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Yom Kippur- Halachot of the Final Meal Before Yom Kippur; Using Pills to Alleviate the Effects of Fasting

The Ben Ish Hai (Rav Yosef Haim of Baghdad, 1833-1909), in Parashat Vayelech, records a custom to dip one’s bread in honey or sugar during the "Se’uda Mafseket," the final meal eaten before Yom Kippur. Hacham Ovadia Yosef notes, however, that even those who follow this custom must ensure to have salt on the table, as well, and to dip the bread three times in the salt, as is always done, even if one also dips the bread in honey or sugar.

There is a Torah obligation of "Tosefet Yom Ha’kipurim," or adding a few minutes onto the observance of Yom Kippur. The Torah writes that the Yom Kippur observance begins "Be’tish’a La’hodesh Ba’ereb" – "on the ninth of the month, in the evening" (Vayikra 23:32), indicating that the fast should begin on the ninth of Tishri, the day before Yom Kippur. Therefore, one must begin his observance of Yom Kippur a few minutes before sundown on Ereb Yom Kippur. This applies not only to fasting, but also to the other prohibitions observed on Yom Kippur – bathing, wearing leather shoes, and so on. Hacham Ovadia Yosef writes that there is no specific period of time that one must add onto Yom Kippur, so one fulfills this obligation even he begins the observances of Yom Kippur just five minutes or so before sundown.

One who finishes his "Se’uda Mafseket" and then wishes to eat or drink may do so, provided, of course, that the time to begin the fast has not yet arrived. This applies even if he recited Birkat Ha’mazon. So long as the time for the fast has not arrived, one may continue eating and drinking despite the fact that he completed the formal meal.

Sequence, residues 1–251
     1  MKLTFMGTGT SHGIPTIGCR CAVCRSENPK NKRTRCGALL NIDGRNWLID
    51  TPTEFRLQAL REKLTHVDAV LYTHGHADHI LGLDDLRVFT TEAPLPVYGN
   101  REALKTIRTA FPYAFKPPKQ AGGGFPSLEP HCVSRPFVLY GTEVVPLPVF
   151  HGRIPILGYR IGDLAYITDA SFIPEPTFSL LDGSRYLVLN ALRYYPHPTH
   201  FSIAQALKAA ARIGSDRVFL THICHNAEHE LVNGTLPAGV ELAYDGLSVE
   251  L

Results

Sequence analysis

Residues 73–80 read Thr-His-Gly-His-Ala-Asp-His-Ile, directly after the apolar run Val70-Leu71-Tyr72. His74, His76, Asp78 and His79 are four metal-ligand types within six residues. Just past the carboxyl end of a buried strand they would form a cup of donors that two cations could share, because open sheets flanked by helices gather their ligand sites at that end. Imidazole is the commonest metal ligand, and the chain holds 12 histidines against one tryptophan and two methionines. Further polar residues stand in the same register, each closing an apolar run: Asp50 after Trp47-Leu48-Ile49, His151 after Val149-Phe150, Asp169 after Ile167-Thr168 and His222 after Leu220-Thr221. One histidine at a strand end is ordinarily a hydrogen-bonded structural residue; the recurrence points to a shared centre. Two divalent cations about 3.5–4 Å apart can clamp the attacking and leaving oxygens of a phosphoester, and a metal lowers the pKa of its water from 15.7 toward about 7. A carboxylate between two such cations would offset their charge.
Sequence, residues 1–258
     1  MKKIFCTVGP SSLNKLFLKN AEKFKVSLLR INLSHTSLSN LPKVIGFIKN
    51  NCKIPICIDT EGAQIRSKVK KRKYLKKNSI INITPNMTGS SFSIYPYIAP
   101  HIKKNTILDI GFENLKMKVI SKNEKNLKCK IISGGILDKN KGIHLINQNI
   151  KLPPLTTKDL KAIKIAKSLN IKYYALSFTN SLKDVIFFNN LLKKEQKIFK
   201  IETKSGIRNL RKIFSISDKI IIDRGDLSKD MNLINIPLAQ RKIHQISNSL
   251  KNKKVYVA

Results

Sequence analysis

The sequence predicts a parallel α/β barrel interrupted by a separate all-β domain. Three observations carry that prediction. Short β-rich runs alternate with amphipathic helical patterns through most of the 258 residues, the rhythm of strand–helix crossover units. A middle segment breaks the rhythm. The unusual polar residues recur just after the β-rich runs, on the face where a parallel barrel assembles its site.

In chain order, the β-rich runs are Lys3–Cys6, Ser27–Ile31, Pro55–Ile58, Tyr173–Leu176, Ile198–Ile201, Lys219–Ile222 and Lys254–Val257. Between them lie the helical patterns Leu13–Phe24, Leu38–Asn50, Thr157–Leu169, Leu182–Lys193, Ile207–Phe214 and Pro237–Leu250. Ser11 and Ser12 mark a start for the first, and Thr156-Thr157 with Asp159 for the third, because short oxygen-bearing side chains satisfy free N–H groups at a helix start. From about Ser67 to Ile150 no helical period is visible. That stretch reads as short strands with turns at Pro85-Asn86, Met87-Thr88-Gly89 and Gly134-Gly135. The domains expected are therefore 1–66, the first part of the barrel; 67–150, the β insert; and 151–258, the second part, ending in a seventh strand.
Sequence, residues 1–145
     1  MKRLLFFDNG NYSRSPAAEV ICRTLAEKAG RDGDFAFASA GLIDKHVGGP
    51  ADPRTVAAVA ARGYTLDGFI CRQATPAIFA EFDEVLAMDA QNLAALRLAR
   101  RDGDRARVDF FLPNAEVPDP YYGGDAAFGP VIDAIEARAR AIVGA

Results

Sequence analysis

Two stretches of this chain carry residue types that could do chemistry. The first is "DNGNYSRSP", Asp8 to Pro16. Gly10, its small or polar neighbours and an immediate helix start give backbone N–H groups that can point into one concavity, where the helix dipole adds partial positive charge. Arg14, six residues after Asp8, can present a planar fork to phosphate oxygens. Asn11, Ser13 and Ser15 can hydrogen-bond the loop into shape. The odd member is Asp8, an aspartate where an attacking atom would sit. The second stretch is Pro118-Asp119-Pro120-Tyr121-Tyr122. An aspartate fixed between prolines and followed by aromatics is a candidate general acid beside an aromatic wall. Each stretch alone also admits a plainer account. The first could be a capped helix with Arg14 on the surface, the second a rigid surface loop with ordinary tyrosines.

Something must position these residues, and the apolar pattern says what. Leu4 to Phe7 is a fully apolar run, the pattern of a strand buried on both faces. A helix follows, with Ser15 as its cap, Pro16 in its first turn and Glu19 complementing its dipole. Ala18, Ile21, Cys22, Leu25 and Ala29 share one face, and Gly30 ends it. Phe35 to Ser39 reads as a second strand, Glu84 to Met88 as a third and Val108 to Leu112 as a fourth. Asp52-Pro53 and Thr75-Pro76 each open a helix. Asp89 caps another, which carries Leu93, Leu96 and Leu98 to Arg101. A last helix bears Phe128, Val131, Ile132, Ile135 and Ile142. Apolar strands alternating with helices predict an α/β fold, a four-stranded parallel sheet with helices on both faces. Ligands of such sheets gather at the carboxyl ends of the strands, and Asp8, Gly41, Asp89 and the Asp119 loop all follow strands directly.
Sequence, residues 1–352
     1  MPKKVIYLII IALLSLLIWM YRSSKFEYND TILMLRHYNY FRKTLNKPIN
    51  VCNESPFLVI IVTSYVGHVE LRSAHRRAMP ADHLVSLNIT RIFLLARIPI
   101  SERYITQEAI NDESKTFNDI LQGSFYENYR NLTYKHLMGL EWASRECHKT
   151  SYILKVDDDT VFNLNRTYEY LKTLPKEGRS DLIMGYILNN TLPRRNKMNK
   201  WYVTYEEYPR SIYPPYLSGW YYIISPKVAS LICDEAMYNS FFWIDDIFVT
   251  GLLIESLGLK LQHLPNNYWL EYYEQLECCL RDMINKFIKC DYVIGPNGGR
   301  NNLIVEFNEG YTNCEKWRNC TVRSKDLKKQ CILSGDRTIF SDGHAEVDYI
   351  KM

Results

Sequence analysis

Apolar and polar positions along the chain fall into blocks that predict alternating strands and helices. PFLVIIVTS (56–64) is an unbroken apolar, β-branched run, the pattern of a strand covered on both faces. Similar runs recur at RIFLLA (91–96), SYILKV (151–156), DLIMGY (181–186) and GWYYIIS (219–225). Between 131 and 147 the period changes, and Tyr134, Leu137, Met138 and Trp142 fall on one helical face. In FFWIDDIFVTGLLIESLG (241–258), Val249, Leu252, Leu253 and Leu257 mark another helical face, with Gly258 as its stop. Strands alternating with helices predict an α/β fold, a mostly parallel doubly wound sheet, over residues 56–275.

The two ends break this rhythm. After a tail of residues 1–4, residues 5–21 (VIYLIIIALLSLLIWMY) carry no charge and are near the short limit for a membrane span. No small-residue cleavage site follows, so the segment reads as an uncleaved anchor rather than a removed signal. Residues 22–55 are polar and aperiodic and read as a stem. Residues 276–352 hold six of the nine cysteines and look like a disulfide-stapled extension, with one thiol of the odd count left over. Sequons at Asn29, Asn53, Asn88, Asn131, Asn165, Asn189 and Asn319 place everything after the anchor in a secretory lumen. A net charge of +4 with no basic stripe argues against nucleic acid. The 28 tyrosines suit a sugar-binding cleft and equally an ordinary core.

There are currently on the market a number of pills and suppositories that one can take to help alleviate the discomfort of fasting, such as capsules with timed release that send different kinds of medication throughout the body over the course of the fast. Hacham Ovadia maintains that a healthy person should not take such pills or suppositories, as this would constitute "Nabal Be’rshut Ha’Torah" (violating the spirit of the law, even though it is technically permissible). Once the Torah commanded us to "afflict our souls" on Yom Kippur, it is wholly inappropriate to look for ways to fast without discomfort. Hacham Ovadia does allow taking these medications in cases of a weak or ill person who might otherwise be forced to break his fast on Yom Kippur, or might faint. Barring these exceptional circumstances, however, a person should not make use of these medicines to help alleviate the discomfort of fasting.

Summary: It is customary to dip one’s bread in honey or sugar during the final meal before Yom Kippur. One must ensure to begin all the Yom Kippur observances at least several minutes before sundown on Ereb Yom Kippur. It is permissible to eat and drink until that point, even if one completed his meal. One should not take pills or suppositories that alleviate the discomfort of fasting, unless he would otherwise become so faint that he would have to break his fast.

 


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